Hammond smiled. "That, Major," he said, "would be telling."
Sgt. Brooks took careful aim from behind cover and waited until he had a clear shot. This was way better than being knocked out in the first ten minutes. Even if he did still have an intar headache. He'd always wanted to be one of the bad guys.
He dropped an envelope on Captain McNab's chest and closed the man's fingers around his spare intar before leaving, then went to go call in another one recruited.
"Thanks, Sergeant," Daniel said into the phone. "Once you're done there, head on over to Storage on 26 and pick up a radio. You're the only alien on your level right now, aside from Captain McNab. Your master is giving you the sense that you should try to secure the manual self-destruct in case you have to use it."
Sam could hear the voice from the phone even as the Sgt. on camera five gave a thumbs-up. "You got it, Doc."
"Oh, that's sneaky," Sam said, as she started to figure it out. "Contagion spreads by contact, right? And if someone who's been compromised takes out someone who hasn't, they're turned? Evil."
"Thanks," Daniel said, modestly. "I helped with this one. Telepathic communication, too, like the aliens from P3X-299."
"...So how come, if Janet took me out, I wasn't turned? If Janet's on their side?" Sam frowned.
"It's random--" Hammond said.
"--and by 'random', we mean we're flipping coins --" Daniel interjected.
"--because otherwise the spread of the contagion would be too fast. We're estimating the full scenario should take about eighteen hours to completion." Hammond made a note on the pad sitting in front of him as, on the screen, Captain Emmerson shot one of Daniel's linguists. "Airman Fowler, heads or tails?"
Fowler flipped. "Tails, sir."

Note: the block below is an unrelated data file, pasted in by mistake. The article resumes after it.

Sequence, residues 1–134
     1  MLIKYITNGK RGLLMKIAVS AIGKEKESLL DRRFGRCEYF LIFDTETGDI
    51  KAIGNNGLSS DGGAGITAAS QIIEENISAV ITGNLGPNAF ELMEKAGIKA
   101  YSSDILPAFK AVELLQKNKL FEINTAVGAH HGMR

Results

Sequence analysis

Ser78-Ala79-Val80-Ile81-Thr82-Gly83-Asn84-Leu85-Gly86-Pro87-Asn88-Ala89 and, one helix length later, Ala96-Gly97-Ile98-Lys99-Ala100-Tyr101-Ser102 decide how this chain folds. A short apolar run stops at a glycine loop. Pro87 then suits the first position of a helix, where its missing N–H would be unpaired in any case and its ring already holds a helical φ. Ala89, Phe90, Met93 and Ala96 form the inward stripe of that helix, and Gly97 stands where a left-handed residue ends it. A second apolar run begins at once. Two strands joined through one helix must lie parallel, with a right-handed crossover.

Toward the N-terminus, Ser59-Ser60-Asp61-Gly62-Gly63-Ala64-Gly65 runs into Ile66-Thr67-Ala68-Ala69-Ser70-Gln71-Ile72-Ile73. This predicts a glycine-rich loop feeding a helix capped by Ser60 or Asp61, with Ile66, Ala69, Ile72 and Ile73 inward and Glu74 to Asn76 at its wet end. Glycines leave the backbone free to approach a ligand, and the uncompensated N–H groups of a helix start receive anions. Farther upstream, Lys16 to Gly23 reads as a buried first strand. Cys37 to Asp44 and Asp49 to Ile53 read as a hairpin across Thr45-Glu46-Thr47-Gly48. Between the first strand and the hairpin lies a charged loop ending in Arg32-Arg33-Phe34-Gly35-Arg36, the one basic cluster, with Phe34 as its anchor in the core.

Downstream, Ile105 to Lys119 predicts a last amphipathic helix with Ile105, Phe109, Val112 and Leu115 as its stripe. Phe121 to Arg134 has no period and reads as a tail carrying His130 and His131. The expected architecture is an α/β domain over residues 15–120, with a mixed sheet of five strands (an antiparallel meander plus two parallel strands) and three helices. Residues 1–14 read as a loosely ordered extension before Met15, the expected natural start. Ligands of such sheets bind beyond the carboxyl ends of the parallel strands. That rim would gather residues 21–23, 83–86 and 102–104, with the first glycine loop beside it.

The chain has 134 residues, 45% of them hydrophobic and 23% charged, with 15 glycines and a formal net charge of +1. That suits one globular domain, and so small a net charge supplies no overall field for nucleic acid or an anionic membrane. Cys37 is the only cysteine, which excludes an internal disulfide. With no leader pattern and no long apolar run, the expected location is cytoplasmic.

"Right." Hammond handed over an envelope. "Go down and leave Dr. Vang a message that she should report to the lounge when she wakes up."
"Yes sir," Fowler said, and headed out at a brisk trot.
Sam propped her chin up on her hand and watched as Emmerson made her way to a phone to report in. "So, Janet's the master alien?"
"Nope," Daniel said, and picked up the phone. "Thanks, Captain. Dr. Vang's out of the game, so carry on with the rest of your orders."
On camera three, Teal'c was gliding along silently behind a lieutenant Sam didn't know by sight, apparently trying to decide if he was friend or foe.
After further study, Teal'c concluded that Lt. Acevedo was not behaving uncharacteristically, and stepped out from concealment. The lieutenant turned around, his intar rising; he paused before shooting, studying Teal'c's face.
"Master Teal'c?" he asked. "Are you you, or are you ... you know?"
"I do not believe any answer I could give to that question would be satisfactory," Teal'c said. "However, we have secured the mess hall, and I am attempting to inform as many people as possible of its existance as a safe harbor."
"Okay," Acevedo said, and lowered his intar. "Should I tell anybody else I see on my way?"
"I believe that would be inadvisable," Teal'c said. "I am more practiced at sensing deception than many others, and yet I find it difficult to be certain who is compromised and who is not. However, you may accompany me if you wish. The remainder of my team are holding the mess hall and greeting newcomers."
"Fair deal," Acevedo said, and fell into step behind Teal'c.
Whoever was firing at them took out Mehler from behind -- that was how Jack knew they were being stalked -- and Novak fell while they were scrambling for cover. Jack tried getting a few shots off around the corner, but he didn't have much of a chance to aim, and he could tell they'd gone wide when the incoming fire didn't even slow down.
"Two of 'em, sir," McPhearson panted, from his stand at the other corner of the intersection.
"No shit, Corporal," Jack snapped, and wished the lab boys had been able to develop that intar version of a grenade they'd been talking about for a few years. He ducked around the corner for half a second, keeping his weapon close and firing blind again, and after retreating back, the double set of incoming had turned into single. Got one.
"Got one!" McPhearson said -- thank you, Corporal Obvious, Jack thought -- and leaned around to try his hand at a shot or two.
McPhearson, unfortunately, had watched one too many cop movies, and his small-arms instructor apparently hadn't been able to break him of the habit of leading with his weapon. Whoever was shooting at them fired at the weapon, not at McPhearson, and if it had been a real pistol, McPhearson would have lost the hand. As it was, he simply went down, crumpling to the floor, out cold.
"Great," Jack muttered. "Can't keep them alive for more than an hour. Good work, O'Neill."
"Oh, Jack," Daniel sighed, watching the monitors. "You just lost me a hundred bucks."